Italian researchers at the National Agency for New Technologies, Energy and Sustainable Economic Development say they believe the image was created by an ultraviolet "flash of light." However, if that theory is true, it remains a mystery as to exactly how that technology could have been implemented at the time of the Shroud's creation. While the technology is readily available in present day, it was far beyond the means of anyone around pre-20th Century.

The Turin Shroud is said to be the burial cloth of Jesus, but has long been believed to be a fake, created during medieval times. It is currently kept in a climate-controlled case in Turin cathedral. Scientists at the Italian agency have reportedly spent years attempting to recreate the Shroud's imagery.
'The results show a short and intense burst of UV directional radiation can colour a linen cloth so as to reproduce many of the peculiar characteristics of the body image on the Shroud of Turin,' the scientists said.

"When one talks about a flash of light being able to color a piece of linen in the same way as the shroud, discussion inevitably touches on things such as miracles," said Professor Paolo Di Lazzaro, who led the study. "But as scientists, we were concerned only with verifiable scientific processes. We hope our results can open up a philosophical and theological debate."


Believers in the Shroud say it contains the image of a man with nail wounds to the wrist and feet. Still, skeptics of the Shroud's authenticity are unlikely to be swayed. There has been substantial evidence working against it, including a 1988 radiocarbon test conducted at the University of Oxford, which dated the cloth to a time between 1260 and 1390.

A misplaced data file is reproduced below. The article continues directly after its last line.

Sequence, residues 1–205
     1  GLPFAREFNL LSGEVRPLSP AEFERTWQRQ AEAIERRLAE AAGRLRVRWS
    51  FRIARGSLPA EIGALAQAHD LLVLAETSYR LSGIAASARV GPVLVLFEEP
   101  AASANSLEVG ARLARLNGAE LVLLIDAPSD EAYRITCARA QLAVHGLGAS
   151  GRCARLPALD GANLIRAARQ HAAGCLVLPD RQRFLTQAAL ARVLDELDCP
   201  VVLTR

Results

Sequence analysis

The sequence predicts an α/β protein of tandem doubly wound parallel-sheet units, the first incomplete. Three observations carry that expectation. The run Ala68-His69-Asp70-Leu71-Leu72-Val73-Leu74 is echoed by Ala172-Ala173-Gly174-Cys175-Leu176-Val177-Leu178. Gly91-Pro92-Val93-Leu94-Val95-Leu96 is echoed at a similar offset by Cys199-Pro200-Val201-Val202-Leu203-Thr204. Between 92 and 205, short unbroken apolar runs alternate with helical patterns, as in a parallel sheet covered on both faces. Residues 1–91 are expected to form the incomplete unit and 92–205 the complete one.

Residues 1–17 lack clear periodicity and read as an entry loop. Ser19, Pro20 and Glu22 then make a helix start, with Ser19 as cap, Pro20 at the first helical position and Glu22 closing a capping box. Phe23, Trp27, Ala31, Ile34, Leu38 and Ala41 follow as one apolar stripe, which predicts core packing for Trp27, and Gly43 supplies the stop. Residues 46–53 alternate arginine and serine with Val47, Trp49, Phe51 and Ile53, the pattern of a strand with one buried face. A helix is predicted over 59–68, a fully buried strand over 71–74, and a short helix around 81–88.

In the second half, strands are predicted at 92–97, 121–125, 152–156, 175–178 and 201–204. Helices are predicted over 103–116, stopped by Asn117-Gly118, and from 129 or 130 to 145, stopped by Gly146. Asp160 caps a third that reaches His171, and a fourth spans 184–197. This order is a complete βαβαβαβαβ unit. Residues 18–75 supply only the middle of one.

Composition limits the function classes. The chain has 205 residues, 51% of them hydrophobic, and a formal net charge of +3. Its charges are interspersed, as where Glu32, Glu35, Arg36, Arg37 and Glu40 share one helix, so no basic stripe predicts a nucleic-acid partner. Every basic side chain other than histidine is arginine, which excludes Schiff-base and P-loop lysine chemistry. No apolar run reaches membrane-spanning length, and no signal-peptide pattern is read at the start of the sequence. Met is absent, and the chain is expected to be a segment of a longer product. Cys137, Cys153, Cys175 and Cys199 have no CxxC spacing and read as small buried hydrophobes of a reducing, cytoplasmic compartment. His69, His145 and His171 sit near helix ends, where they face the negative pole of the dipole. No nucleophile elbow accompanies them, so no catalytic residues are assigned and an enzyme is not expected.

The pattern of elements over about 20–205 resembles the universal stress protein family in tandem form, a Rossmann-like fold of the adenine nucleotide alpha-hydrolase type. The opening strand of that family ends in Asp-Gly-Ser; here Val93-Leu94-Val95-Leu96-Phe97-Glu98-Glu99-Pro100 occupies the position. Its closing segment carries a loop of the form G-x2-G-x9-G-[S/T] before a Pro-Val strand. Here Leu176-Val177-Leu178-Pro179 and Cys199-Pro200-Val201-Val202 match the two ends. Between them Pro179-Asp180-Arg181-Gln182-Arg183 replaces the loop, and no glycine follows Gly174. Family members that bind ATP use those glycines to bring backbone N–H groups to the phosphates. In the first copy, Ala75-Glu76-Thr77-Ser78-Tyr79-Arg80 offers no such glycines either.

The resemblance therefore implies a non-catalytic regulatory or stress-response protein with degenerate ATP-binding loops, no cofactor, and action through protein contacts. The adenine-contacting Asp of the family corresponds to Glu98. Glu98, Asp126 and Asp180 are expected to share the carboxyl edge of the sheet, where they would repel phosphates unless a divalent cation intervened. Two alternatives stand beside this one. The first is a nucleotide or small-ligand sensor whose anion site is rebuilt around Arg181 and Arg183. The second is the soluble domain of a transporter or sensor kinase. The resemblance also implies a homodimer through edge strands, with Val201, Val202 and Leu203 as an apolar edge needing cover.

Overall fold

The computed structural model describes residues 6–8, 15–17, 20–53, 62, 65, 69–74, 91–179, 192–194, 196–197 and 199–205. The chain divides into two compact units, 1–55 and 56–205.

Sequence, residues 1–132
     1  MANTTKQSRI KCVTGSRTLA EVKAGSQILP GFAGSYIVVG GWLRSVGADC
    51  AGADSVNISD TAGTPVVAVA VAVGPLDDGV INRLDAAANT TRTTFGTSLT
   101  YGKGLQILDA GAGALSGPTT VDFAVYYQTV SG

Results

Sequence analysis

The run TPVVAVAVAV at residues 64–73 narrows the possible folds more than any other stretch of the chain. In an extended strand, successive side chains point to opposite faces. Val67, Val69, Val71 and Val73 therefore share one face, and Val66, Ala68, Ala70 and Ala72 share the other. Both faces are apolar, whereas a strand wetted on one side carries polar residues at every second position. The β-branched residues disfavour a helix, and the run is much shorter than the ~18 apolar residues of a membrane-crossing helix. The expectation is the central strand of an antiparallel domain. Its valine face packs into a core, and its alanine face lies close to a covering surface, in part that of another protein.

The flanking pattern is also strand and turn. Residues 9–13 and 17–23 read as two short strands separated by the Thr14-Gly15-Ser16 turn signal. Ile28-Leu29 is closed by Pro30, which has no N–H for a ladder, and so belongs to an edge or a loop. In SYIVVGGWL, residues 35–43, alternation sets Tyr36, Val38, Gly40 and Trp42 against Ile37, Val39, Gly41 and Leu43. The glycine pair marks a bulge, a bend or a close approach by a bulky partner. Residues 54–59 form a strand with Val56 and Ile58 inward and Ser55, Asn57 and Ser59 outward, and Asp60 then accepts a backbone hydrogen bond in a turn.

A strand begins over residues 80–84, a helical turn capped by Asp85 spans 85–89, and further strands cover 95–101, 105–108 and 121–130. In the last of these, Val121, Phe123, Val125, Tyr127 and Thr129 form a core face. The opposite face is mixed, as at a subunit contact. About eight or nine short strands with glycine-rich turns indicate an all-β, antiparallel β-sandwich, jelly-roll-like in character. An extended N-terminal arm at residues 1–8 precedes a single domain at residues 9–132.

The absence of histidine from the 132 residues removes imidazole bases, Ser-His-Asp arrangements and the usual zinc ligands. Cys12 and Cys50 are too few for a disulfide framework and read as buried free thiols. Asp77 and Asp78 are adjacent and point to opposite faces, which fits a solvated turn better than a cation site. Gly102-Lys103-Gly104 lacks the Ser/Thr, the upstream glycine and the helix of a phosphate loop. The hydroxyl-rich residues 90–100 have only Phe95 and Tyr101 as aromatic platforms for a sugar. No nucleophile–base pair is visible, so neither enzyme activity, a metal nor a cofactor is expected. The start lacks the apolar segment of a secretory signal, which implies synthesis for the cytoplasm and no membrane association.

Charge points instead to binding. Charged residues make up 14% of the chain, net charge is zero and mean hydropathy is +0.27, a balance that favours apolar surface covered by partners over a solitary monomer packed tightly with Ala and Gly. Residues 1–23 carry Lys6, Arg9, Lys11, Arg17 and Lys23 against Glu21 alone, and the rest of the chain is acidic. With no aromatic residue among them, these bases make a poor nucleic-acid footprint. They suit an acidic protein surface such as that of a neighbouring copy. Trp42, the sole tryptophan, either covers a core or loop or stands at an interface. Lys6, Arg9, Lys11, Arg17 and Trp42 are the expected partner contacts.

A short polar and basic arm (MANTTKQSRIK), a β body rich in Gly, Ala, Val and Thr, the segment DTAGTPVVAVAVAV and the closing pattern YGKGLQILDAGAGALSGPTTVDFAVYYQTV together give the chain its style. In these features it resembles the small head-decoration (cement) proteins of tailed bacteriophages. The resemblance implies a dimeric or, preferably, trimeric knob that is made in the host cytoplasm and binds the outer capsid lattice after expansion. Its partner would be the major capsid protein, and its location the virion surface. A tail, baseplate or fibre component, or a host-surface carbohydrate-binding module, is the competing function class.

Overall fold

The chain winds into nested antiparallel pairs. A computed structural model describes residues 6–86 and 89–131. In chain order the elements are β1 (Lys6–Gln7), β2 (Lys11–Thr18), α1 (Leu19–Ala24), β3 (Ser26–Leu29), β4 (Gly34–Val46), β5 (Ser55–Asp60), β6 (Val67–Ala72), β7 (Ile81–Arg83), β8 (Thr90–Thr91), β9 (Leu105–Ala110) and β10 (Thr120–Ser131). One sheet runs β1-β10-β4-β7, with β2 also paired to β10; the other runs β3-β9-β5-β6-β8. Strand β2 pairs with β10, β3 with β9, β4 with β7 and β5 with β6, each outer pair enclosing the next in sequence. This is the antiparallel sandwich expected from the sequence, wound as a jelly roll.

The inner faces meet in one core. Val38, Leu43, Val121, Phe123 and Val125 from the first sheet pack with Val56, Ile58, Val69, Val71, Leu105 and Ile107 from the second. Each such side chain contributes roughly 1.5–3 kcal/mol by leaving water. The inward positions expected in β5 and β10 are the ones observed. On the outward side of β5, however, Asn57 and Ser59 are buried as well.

Infamous 'Yeti Finger' is a Fraud:

A finger long claimed to be from a yeti, once revered in a monastery in Nepal and taken in the 1950s by a Bigfoot researcher, has been identified after decades of mystery. Turns out, it's just a regular old human finger — albeit one with a very interesting history.
The Mysterious Finger (photo from the Daily Mail)

The yeti is said to be a muscular beast weighing between 200 and 400 pounds and covered with dark grayish or reddish-brown hair. As in the case of its North American counterpart, Bigfoot, most of the evidence of its existence comes from fuzzy sightings, oversize footprints in the snow, or the occasional strand of funny-looking hair.

But there has been one interesting piece of physical evidence of the yeti: a finger that was either bought or stolen from the Pangboche Buddhist monasteryin the 1950s, depending on which disputed story you believe. It has been in London, among the collection of the Royal College of Surgeons, for more than half a century.

The finger was taken from the monastery by Bigfoot researcher Peter Byrne and was smuggled out of the country, so the story goes, by beloved Hollywood actor Jimmy Stewart, who hid it amid his wife's lingerie. The monstrous finger ended up in the possession of Dr. William Osman Hill, who had searched for the yeti in the 1950s on behalf of Texas millionaire Tom Slick; Hill later bequeathed the finger to the Royal College of Surgeons.

The finger has generated controversy among Bigfoot and yeti believers for decades and, until relatively recently, when researchers at the Edinburgh Zoo performed DNA analysis on the mysterious digit, it was impossible to know for certain what kind of animal it belonged to. [Mythical Beasts That Might Actually Exist]

If it is indeed a Yeti finger, then the mysterious beast is even more man-like than anyone imagined. According to the researchers' DNA analysis, the Yeti finger is human, perhaps from the corpse of a monk. But definitely human.
Rob Ogden of the Royal Zoological Society of Scotland explained to BBC News: "We had to stitch it together. We had several fragments that we put into one big sequence, and then we matched that against the database and we found human DNA." The researchers said that the result “wasn’t too surprising, but obviously slightly disappointing.”